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Watch these 11 titles before they leave Netflix this month

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The popularity of “Yellowstone” fueled interest in this 1990 Academy Award winner by Kevin Costner for best picture and best director, a film that similarly explores a complicated relationship between Native Americans and white “settlers,” though through a clearer historical lens. Costner also stars John J. Dunbar, a Confederate Army lieutenant at a remote outpost who comes to sympathize with – and then essentially joins – the Lakota tribe. The cinematography is gorgeous, the plot is big and thrilling, and Costner finds just the right note of resigned rebellion in the lead role.

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In 2014, directors Seth Rogen and Evan Goldberg made a black political comedy in which Rogen and James Franco traveled to North Korea to interview Kim Jong-un and were hired by the CIA to assassinate him. And it was released, and everyone had a good laugh, ending. Just kidding: This is one of the most controversial films of the 2010s, its explosive premise leading to cyberattacks and terrorist threats in the name of North Korea and in a debate. freedom of expression raged after Sony Pictures gave in and stole its mainstream release. In hindsight, what a mess for what was at its core a very broad and silly movie. The film also talks as much about the frivolity and delusion of Americans as about the humanitarian crimes of the North Korean government.

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The phrase “ahead of its time” is thought to tend to be left out, but it certainly applies to the 1980s output of Jim Henson, who broadened his reach with video games. Dark fantasy entertainment, not Muppet, has been met with critical and commercial apathy but has garnered considerable cult following over the years. “The Dark Crystal” is an example; here’s another film, a 1986 musical fantasy film, made in collaboration with George Lucas, directed by Henson from a screenplay by Terry Jones, Monty Python cast member. Jennifer Connelly plays a slightly spoiled teenager who journeys into a dark world to rescue her younger brother; David Bowie is unforgettable, terrifying, and charming as the Goblin King who stands in her way.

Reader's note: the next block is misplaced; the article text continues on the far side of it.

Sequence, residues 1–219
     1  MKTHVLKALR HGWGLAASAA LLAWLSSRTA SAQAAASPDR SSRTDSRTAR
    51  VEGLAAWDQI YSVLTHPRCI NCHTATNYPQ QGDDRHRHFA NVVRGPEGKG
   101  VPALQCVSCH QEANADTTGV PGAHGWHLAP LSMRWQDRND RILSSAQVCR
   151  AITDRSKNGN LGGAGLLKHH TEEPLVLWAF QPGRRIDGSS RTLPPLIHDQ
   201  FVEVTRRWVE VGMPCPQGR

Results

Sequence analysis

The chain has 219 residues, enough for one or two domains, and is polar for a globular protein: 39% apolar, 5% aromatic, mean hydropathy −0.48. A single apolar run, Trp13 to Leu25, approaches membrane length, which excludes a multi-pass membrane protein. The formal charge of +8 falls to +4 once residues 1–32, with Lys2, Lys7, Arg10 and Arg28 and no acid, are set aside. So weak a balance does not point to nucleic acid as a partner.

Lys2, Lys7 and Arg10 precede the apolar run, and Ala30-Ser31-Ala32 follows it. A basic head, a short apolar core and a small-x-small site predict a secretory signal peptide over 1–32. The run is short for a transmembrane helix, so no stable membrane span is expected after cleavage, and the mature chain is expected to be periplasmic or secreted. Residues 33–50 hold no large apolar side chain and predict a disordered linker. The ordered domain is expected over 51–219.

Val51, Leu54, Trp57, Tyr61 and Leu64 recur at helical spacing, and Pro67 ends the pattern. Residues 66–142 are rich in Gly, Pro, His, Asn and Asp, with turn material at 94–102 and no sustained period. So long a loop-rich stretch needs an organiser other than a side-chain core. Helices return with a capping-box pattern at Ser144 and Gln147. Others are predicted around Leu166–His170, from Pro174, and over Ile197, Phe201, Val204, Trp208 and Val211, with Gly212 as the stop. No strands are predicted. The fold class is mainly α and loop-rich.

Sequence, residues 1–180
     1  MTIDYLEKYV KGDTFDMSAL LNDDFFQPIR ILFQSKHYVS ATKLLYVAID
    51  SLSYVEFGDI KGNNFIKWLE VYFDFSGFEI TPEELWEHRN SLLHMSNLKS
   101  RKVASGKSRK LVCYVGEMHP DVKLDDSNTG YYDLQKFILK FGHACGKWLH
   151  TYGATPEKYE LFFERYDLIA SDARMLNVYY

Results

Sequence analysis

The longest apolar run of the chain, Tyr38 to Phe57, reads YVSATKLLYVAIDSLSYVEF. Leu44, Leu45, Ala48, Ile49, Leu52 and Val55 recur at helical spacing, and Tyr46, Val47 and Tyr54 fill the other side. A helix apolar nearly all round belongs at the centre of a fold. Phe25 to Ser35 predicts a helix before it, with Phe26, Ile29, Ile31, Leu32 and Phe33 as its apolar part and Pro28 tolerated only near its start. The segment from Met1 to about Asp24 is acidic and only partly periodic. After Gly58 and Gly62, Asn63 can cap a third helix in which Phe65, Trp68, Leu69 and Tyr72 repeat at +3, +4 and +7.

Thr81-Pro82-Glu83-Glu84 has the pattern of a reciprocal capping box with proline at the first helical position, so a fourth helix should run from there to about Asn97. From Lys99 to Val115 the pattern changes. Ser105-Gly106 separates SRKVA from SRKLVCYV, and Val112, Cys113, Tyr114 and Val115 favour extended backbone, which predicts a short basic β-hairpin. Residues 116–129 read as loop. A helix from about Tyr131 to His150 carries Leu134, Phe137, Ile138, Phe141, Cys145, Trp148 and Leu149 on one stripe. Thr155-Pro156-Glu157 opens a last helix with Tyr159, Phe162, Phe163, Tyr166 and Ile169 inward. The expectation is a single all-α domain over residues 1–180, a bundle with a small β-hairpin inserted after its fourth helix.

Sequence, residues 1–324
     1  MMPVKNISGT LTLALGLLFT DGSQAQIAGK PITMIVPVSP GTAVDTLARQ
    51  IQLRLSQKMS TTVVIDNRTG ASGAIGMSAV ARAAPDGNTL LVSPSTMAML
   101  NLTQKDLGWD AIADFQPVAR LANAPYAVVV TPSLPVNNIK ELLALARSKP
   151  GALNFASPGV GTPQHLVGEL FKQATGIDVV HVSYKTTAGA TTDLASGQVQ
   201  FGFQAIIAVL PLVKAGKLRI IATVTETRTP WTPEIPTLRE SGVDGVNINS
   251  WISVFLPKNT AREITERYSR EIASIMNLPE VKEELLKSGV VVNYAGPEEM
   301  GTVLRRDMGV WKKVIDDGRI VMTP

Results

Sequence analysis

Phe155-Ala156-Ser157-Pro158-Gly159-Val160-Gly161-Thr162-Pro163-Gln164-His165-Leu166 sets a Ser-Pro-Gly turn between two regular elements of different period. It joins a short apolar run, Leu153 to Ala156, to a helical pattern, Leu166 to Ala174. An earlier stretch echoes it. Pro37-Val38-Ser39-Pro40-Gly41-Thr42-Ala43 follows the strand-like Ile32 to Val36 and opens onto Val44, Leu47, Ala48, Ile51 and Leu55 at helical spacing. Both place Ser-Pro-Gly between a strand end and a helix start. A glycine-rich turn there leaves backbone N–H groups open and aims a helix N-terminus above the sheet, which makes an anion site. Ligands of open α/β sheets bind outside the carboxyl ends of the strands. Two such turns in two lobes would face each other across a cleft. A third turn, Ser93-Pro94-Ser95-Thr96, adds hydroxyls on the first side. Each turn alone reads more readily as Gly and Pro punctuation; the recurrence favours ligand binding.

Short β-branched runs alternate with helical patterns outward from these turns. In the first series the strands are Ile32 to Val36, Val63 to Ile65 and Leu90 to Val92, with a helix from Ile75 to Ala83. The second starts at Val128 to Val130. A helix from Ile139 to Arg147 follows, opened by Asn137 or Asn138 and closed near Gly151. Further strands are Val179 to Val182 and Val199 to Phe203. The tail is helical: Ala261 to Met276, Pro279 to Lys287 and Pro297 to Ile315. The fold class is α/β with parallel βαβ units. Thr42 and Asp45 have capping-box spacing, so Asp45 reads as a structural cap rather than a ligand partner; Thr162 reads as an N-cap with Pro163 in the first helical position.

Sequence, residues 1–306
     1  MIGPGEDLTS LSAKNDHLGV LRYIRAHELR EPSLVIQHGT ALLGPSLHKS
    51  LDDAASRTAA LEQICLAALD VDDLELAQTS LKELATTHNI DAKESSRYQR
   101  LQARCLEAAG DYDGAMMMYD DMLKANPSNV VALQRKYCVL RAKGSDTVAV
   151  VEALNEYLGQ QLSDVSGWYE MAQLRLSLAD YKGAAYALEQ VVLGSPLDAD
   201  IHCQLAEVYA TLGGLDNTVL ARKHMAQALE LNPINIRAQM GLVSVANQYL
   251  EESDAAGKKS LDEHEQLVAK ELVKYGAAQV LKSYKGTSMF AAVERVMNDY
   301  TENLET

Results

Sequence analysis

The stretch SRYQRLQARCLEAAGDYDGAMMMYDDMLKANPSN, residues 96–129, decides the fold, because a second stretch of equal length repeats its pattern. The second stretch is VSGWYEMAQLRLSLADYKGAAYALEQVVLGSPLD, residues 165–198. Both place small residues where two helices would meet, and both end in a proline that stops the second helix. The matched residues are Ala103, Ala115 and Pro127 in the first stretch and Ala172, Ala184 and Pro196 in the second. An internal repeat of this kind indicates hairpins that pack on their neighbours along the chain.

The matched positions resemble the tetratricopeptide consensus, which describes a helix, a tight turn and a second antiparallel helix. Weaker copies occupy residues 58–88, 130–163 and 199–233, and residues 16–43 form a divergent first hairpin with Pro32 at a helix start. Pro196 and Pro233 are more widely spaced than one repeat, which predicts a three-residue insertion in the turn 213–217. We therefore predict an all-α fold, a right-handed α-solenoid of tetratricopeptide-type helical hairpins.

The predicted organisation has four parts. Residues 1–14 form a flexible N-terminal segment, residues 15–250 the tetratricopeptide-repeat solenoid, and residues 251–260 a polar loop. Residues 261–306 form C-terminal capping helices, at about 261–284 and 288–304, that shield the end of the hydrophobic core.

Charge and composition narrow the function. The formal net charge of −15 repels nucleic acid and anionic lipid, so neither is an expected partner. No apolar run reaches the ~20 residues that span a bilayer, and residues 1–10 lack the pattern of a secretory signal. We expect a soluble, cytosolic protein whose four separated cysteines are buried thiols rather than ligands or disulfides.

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In 1996, audiences flocked to see the thrilling story of Americans uniting and rebelling against a terrible alien threat. Of course, that movie is “Independence Day”; this the film, a ’50s-style sci-fi comedy directed by Tim Burton, was released six months later and was relatively overlooked. But timing was better for Burton’s accidental spoof than the flag-raising blockbuster it followed into the market. “Independence Day” is as old as milk, while many of the virtues of the gratuitously goofy “Mars Attack” have only grown to be entertaining. These include the killer cast (Annette Bening, Pierce Brosnan, Glenn Close, Danny DeVito, Pam Grier, Michael J. Fox, Jack Nicholson, Sarah Jessica Parker, Natalie Portman, Martin Short and more), visual style Subtle and climactic images of exploding alien brains and recordings of Slim Whitman.

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Writer and director Jody Hill, best known for his work on the television series “Eastbound and Down” and “The Ri Right Gemstones,” launched his studio with controversial black comedy like this ink from 2009. Seth Rogen stars. It could be a cop on the run as a mall security guard, but make no mistake, this isn’t “Paul Blart: The Mall Police” . Hill’s comedy is bleak, borderline nihilistic, portraying his protagonist as a dangerous, delusional lust, intoxicated with his (limited) powers. And in recognition of his credit, the film doesn’t pull its punches, up to and including its eye-opening ending. Rogen is rarely more brilliant, weaponizing his usual charisma and warmth to create a chilling (but funny!) portrait of a border killer.

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https://www.nytimes.com/2022/02/02/movies/netflix-february-expiring.html Watch these 11 titles before they leave Netflix this month

Fry Electronics Team

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